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  • Writer's pictureSteve Luxa

Setting Out on "The Climb"

Coloradans, inhabitants of the Rocky Mountain State, have many reasons to be proud of their home. But the best reason is the Rocky Mountains themselves! Having these snow-capped, granite behemoths to tread and to explore, or even just to gaze at, is a great gift.

The Rocky Mountains are truly towering. According to the Colorado Geological Survey, Colorado has 58 peaks of 14,000 feet or higher (for perspective, California, our beloved Sierra Nevada range notwithstanding, has 12). Colorado’s mountain peaks are so high that even the grandly named Mt. Massive at 14,428 is not the highest peak. That honor goes to the humbly named Mt. Elbert at 14,440.

The state’s 53 mountain peaks of 14,000 feet or higher, known to Coloradans as the “Fourteeners,” are breath-taking, figuratively and literally (not every hiker can manage the thin air at the top). Serious mountaineers aim to summit as many of the Fourteeners as they can—proudly collecting “badges” of climbing honor like decorated army generals.

Although casual hikers may feel good about getting halfway up, for serious climbers only one thing matters: getting to the top. For Paul what was true of mountaineering was equally true of the Christian life. Getting to the top, reaching the summit was what mattered. Or more specifically, being found “blameless” (1:10), “fruitful” (1:10) and relationally intimate with Christ (3:8) on the day he appears from heaven to judge and to reign on earth.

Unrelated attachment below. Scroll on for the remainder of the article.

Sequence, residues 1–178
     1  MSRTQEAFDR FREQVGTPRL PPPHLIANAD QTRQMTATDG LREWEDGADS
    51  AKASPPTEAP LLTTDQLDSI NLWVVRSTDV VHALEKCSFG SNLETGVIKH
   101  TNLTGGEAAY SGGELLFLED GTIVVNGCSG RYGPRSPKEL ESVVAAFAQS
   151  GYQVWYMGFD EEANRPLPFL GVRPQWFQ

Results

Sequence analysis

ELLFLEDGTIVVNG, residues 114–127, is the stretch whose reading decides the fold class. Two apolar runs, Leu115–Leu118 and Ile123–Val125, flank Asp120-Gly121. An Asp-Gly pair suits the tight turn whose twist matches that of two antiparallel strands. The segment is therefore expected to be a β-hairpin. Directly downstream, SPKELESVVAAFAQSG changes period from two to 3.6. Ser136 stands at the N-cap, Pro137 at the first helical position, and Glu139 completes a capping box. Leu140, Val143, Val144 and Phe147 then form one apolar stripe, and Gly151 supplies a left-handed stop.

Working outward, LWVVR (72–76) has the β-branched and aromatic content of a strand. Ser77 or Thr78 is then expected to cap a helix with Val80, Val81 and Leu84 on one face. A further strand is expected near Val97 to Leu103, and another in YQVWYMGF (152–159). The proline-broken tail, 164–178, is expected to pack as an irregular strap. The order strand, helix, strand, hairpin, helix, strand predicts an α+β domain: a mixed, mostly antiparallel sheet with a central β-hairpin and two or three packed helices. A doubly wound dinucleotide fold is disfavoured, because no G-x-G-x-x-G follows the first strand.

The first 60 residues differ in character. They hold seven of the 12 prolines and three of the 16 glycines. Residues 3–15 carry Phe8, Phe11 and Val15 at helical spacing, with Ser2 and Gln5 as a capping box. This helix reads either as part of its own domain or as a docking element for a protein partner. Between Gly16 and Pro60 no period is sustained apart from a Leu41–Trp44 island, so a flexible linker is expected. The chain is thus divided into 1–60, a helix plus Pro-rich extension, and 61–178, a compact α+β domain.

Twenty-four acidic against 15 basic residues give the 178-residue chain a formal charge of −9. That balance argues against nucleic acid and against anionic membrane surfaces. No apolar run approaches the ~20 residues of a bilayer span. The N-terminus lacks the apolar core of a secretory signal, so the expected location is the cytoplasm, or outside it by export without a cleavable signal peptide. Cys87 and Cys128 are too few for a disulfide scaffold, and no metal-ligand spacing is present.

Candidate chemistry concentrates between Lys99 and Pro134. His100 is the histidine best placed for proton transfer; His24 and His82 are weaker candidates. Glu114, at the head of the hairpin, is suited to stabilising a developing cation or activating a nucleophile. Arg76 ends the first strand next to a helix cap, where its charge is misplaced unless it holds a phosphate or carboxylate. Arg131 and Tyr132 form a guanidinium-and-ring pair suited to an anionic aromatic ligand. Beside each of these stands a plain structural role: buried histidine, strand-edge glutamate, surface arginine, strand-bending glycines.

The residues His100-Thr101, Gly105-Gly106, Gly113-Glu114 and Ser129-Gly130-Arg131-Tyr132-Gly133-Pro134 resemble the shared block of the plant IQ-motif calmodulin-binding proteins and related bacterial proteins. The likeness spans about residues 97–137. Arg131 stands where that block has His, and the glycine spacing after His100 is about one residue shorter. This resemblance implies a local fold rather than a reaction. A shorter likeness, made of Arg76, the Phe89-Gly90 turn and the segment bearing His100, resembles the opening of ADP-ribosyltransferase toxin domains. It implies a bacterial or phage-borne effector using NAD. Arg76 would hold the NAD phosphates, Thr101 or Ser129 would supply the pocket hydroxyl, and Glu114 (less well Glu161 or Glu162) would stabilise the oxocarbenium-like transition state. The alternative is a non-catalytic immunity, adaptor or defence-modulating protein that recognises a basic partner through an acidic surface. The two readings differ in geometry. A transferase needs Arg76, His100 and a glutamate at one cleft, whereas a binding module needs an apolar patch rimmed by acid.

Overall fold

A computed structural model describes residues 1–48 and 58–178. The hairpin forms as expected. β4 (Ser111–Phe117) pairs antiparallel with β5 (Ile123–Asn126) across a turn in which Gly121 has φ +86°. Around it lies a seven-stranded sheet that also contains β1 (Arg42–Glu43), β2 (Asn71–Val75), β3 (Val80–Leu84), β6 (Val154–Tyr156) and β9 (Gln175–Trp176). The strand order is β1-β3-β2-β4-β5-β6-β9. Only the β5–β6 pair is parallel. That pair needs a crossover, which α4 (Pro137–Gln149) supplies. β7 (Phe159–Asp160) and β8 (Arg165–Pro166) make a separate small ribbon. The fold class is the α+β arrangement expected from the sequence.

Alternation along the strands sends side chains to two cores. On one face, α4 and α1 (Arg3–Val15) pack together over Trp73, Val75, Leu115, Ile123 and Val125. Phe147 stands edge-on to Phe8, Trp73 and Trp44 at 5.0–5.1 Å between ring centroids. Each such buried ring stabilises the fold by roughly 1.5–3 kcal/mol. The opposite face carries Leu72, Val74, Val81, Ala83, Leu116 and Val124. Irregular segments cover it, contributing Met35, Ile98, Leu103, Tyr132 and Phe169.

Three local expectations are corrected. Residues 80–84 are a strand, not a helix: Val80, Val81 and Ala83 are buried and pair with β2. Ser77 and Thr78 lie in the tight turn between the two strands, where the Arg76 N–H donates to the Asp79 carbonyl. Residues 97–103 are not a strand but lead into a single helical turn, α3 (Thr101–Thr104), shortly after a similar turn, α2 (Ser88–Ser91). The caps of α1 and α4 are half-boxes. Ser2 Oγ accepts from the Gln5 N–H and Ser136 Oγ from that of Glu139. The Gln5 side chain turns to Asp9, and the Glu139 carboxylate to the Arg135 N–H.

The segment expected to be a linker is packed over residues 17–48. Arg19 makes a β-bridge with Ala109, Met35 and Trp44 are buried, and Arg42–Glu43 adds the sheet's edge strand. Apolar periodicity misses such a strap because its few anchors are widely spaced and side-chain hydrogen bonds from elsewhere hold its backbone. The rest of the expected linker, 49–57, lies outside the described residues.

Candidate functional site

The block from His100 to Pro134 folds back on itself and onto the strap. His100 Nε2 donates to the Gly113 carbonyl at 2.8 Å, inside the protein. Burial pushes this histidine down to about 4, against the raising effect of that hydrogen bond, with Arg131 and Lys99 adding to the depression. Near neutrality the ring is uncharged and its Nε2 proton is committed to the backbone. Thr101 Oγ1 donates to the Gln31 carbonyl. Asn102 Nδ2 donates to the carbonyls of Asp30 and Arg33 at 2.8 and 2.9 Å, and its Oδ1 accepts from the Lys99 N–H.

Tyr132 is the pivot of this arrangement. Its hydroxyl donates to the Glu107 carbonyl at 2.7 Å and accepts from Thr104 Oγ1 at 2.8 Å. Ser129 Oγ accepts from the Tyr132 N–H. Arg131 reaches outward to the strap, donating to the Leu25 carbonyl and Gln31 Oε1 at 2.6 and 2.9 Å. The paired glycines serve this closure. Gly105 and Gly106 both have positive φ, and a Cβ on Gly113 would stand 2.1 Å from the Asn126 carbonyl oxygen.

This was precisely the point Paul was making when he wrote these stirring words to the church in Philippi:

“I press on toward the goal for the prize of the upward call of God in Christ Jesus” (Phil. 3:14).

Sure, at this point Paul had reached great heights in his faith. Sure, he had climbed high in his love for God and others. Sure, he had topped many ridges in his service as an ambassador of hope. Nevertheless, he had not yet summited. And because there was more mountain before him, he continued to climb and called his friends in the church at Philippi to do the same. For Paul, the climb towards the summit of a more significant life, a more worthy life, a more exalted life needed to continue until the day of Jesus’ return. It needs to continue for us as well regardless of whatever spiritual “elevation gain” we have already made.

That is why at First Baptist Church of Davis, week by week, we seek to move higher and higher up this Scriptural mountain through preaching on Sunday morning, and then through discerning discussion and prayer in our Home Groups. We hope everyone at FBC will collect their climbing gear and make the ascent with us.

Steve Luxa



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